Daily Coaching Tip: How to Adjust Warm-Ups for a Cold or Wet Race

The Thanksgiving Turkey Trot is a turning point, in my mind, from the generally pleasant Fall racing season to the survival-mode Winter season. Unless you live in a place where warm weather is the norm throughout the winter, you're probably going to be racing in some nasty conditions through the coldest months of the year. When it comes to warming up for these races, people tend to skimp on things (in order to spend more time in wherever it's warm). If you take a smart approach, you can ensure that you'll be more comfortable to start the race and therefore run a better time. Here are a few things to remember:

  1. Layers are your friend. Remember, the goal of the warm-up is to get your body warm. I wear extra layers, beyond what I normally would, so that I am sure my body will fully warm up before the race. I don't know if you've noticed, but the race day adrenaline also has a cooling effect on your extremities (the fight/flight response in your body diverts blood flow from your limbs to your core), so be sure that you wear a warm hat and gloves for your warm-up as well.
  2. Put on your race shirt after your warm-up jog. If you wear enough layers for your easy warm-up minutes, you should actually get a bit of a sweat going. You don't want to then strip down to a singlet that is wet and will immediately make you cold. Instead, change into a dry racing shirt just before heading to the start area.
  3. If possible, complete your mobility exercises (lunges, leg swings, etc) inside where you won't get wet or blown around. Again, you want to maintain your core temperature, and standing relatively still will just let all that beneficial heat dissipate into the ether.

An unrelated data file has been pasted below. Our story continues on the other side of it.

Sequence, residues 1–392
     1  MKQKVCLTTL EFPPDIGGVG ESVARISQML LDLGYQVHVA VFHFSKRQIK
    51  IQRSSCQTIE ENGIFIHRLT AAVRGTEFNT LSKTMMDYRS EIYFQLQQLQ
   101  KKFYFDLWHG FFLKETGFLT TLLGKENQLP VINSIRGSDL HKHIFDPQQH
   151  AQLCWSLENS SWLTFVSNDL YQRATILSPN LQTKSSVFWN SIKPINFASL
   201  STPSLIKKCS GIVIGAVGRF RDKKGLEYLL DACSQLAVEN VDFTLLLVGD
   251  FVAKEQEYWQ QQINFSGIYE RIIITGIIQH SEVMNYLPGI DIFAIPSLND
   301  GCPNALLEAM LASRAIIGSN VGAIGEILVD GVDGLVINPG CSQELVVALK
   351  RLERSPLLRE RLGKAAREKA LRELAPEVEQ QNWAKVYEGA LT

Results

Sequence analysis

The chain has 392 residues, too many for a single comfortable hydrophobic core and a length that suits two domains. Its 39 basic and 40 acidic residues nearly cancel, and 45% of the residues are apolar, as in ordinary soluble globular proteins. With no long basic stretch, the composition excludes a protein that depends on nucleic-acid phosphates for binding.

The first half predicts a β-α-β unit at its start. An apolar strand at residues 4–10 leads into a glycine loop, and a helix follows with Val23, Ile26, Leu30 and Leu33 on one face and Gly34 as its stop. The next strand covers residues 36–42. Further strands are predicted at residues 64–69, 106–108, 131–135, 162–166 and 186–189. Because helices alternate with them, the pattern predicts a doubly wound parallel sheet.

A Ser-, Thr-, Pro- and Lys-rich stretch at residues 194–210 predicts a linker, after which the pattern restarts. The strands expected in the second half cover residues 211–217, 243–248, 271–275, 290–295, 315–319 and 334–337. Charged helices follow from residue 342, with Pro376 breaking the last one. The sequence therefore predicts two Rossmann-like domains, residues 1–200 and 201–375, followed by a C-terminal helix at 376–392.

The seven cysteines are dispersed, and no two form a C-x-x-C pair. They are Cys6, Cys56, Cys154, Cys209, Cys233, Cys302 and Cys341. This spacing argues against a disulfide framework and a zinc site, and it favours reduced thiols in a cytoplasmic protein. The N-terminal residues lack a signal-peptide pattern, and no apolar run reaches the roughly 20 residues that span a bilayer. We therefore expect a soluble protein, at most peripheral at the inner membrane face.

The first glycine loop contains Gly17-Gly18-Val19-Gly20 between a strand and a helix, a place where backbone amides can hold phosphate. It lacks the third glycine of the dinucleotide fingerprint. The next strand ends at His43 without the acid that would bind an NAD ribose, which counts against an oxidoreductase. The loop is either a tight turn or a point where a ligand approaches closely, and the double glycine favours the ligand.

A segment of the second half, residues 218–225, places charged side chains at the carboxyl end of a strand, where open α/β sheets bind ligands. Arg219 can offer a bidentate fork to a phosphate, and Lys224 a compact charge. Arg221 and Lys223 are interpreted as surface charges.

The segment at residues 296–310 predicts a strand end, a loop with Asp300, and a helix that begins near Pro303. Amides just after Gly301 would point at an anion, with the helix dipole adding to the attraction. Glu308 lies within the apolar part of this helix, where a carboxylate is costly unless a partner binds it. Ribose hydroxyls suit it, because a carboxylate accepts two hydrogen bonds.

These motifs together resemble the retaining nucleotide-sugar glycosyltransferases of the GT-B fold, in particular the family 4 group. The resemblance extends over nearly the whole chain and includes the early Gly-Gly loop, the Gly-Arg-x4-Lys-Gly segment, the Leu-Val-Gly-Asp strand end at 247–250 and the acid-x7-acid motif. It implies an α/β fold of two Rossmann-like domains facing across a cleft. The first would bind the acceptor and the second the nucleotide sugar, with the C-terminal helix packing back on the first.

4. Finish the warm-up later than usual. I generally tell people to plan their warm-up so it finishes up about 10 minutes prior to the start. In the case of cold or wet weather, I'd rather see people cut it a bit closer, so that they don't lose all their body heat standing around. In particular, your drills and strides should be as close to the start as possible.
  5. Don't worry about how you look...worry about how you're dressed for success. If you will need to stand in the corral for a bit because you're running a big race, wear a trash bag or an old sweatshirt that you can toss. There will be plenty of opportunities to look like a badass in your race kit. The key to starting a cold or wet race happy is keeping your core, head, and hands as warm and happy as possible until the gun goes off.

Once you get going, you'll forget about the conditions and run well...but only if you hit the starting line already warm and comfortable. If you start the race cold and under-warmed, you'll spend the entire race (or at least the early goings) focused on how poorly you feel. A warm runner is a happy runner, and a fast one as well.